Over the last 3 days, I've read a number of articles in the commercial media on the 'phenomenal' influence of blogs this year. I've gotten the strong sense that, when people in commercial media say "blog", they're actually saying, "An Unexpected Goldmine of Ideas and Developments Delivered Directly from the Hoi Polloi
", rather than the more tactful definitions for "blog" that they routinely provide their technophobic readers.
After reading several commercial media references to the blogosphere's "echo chamber effect" (which is a popular topic among bloggers as well, e.g., Kevin Werbach
, David Weinberger
, Joi Ito
), I went searching for perspectives contrary to mine. Using Technorati's blog-search engine, I used the keywords tsunami
to see what others are thinking about The Big Story. In this eye-opening random tour, I read:
- an assertion that an effort to rescue tsunami-dazed dolphins demonstrates the Wildlife Friends of Thailand's poor priorities*
- a lament from various right-wingers that the US should not provide aid to any country that harbors people wearing t-shirts bearing Osama Bin Laden's image*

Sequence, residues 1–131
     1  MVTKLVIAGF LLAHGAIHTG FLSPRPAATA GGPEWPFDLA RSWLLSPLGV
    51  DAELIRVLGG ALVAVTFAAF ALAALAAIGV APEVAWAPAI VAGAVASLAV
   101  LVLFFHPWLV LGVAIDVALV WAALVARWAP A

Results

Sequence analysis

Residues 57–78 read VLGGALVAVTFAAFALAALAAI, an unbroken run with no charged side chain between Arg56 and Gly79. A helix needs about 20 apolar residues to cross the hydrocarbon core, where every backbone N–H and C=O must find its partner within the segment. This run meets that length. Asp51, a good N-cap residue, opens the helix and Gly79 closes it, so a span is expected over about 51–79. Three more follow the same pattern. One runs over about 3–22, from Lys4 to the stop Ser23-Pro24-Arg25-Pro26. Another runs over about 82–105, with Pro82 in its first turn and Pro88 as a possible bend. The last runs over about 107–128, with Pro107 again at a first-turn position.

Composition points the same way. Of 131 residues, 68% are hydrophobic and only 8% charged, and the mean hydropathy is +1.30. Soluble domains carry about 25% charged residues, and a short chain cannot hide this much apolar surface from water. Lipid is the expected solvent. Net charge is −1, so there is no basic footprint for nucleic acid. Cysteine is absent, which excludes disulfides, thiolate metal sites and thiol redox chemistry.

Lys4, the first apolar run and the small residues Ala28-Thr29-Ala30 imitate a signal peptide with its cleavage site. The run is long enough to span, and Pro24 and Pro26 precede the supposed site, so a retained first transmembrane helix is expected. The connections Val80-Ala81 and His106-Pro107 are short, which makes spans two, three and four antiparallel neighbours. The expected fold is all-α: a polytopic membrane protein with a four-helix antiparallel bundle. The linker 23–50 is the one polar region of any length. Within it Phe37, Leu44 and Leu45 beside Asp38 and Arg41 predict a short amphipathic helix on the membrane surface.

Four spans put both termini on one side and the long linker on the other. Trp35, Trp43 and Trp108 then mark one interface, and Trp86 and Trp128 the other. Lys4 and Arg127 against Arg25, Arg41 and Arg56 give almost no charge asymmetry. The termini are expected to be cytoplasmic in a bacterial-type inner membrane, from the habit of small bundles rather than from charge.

- a comment from an Australian in SE Asia who mentions in an aside that everyone in the region noticed how much longer it took American forces to arrive *
- complaints that westerners need a "a blond haired, blue eyed kid to bring home the death of tens of thousands of brown babies"*
I also found a tiny bit of what might be evidence of the "self-healing" aspect of blogs (as mentioned in commercial media articles) from updated posts like Corey Koberg's
, warning that all the scary images bandied about on blogs, including his before someone set him straight, may not actually be images from The Super Tsunami.
All in all, I'm not sure what to think now, except that, while I love the Unexpected Goldmine of Ideas and Developments Delivered Directly from the Hoi Polloi,
I still want to read the commercial media – as long as they're not seduced by the immediacy of blogs, but strive to deliver well-sleuthed and professionally edited journalism
ADDENDUM – 12:33 PM
While I was writing the entry above, I was reminded of an article I'd read in the Smithsonian magazine during my wait for a doctor yesterday. I couldn't remember which issue I was reading, but, thanks to a quick and helpful response from Carolyn McGhee of Smithsonian Reader Services, I've found the article on their thorough website. See "All the News That's Fit to Sing
" from the October 2004 issue for an interesting history of journalism and the early reliance on rumors and gossip – seems bloggers have established a new globalized "Tree of Cracow".